There’s some other stuff in the piece about how the SOFA envisions the use of Iraqi bases to be negotiated through a joint U.S.-Iraqi security committee — it’s Article Six in the document — but that’s in the context of the agreement itself, which has U.S. troops out in December 2011. If what the piece is actually documenting is a U.S. military desire to stay in Iraq despite the SOFA, that’s interesting and should have been more clearly presented. But if it’s merely portraying the side dishes as the the main course, so to speak, then it’s difficult to know what to actually make of the piece.

But for purposes of discussion let’s entertain the less controversial point that the U.S. will have some relationship with Iraq after Dec. 2011. Hard to see how anyone would object to that, right? After all, if there’s no military occupation of Iraq and relations are normalized — in terms of trade, human rights, and political ties — that’s fundamentally unobjectionable, at least at the level of strategy. What’s interesting is how the Maliki government, represented yesterday in Washington by Dabbagh, doesn’t discuss an Iraqi-U.S. relationship, he discusses an Iraqi-Mideastern relationship. Obviously as long as the U.S. is in the Middle East — and, for that matter, remains a superpower — Iraq will have some relationship with us, but it’s significant and worth noting that the Maliki government deemphasizes that relationship when sketching out its visions. It might reasonably be observed that such a deemphasis occurs because there’s going to be a series of provincial elections next month, but that itself is barometrically significant — no one’s running for those elections on a platform of greater ties to the United States.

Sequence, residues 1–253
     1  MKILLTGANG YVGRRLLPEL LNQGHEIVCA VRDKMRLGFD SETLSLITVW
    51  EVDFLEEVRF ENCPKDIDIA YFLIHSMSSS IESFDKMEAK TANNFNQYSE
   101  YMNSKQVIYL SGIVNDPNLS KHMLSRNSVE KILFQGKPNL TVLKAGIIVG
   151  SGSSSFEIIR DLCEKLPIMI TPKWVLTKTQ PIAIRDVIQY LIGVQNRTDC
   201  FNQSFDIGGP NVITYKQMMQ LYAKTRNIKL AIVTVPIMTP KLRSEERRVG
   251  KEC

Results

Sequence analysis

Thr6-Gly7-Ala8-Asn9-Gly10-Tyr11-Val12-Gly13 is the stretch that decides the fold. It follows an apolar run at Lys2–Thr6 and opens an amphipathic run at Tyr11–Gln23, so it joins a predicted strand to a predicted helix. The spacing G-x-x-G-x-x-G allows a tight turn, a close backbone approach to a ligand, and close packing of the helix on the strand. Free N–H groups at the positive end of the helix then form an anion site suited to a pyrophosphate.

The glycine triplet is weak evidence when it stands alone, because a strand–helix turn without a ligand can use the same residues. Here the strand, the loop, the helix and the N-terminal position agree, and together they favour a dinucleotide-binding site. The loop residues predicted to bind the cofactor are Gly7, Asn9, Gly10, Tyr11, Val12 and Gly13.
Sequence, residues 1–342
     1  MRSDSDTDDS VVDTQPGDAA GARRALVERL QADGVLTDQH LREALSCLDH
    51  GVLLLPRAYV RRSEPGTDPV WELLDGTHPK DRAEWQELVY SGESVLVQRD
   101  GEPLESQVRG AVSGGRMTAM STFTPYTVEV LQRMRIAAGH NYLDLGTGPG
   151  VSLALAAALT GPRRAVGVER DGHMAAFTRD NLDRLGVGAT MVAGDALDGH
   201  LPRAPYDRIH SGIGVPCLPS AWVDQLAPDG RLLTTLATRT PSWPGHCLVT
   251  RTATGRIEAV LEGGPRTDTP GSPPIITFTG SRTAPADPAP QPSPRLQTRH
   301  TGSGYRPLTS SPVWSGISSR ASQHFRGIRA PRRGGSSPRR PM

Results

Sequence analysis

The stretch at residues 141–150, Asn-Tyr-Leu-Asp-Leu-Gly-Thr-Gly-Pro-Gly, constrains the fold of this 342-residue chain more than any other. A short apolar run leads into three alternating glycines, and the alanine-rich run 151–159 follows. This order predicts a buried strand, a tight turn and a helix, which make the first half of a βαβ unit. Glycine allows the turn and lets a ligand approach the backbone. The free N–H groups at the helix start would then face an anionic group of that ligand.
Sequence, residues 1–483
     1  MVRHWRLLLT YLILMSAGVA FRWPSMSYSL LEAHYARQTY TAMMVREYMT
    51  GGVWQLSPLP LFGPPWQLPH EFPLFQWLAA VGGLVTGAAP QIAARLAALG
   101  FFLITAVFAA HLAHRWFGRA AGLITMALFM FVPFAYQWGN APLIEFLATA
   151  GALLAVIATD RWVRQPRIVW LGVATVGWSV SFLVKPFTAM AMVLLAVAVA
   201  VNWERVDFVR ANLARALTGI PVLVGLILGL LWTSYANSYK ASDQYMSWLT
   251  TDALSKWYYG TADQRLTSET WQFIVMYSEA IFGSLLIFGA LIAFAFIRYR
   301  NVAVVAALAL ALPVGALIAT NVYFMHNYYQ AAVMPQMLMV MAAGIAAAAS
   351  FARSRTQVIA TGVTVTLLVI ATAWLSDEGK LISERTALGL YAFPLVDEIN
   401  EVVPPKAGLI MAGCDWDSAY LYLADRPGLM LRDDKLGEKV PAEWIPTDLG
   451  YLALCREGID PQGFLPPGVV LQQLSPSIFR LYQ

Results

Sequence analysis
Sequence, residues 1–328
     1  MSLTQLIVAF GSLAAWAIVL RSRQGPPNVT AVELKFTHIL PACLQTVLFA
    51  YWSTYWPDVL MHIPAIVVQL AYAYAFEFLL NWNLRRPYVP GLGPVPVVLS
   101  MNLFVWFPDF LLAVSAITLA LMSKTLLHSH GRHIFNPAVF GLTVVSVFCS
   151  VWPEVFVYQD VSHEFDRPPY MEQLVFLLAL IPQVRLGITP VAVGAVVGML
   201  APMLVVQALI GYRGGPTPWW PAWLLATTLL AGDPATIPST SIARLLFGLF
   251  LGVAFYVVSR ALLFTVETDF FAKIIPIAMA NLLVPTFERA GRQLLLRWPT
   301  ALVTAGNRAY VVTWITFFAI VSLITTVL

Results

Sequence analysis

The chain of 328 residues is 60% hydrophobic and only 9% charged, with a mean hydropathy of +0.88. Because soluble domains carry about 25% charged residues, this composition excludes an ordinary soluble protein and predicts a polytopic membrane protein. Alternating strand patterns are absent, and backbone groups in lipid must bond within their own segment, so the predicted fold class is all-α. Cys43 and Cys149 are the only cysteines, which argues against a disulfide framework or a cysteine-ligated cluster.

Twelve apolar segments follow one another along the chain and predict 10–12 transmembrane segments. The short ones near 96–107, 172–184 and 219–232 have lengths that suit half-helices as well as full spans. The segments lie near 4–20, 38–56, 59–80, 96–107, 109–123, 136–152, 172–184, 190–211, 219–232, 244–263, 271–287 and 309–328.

Katharine Tate | I’m a native of Massachusetts, where I earned bachelor's degrees in Health: Science, Society, and Policy and Sculpture from Brandeis University. I enjoy assisting and inspiring women in all aspects of their lives, and I consider myself a partner in their OB an GYN treatment. I particularly enjoy forming relationships with young women and assisting them in determining their healthcare needs and goals. I love to travel, create metal and fiber art, cook, and spend time outside. Also, I’m fluent in both German and American Sign Language.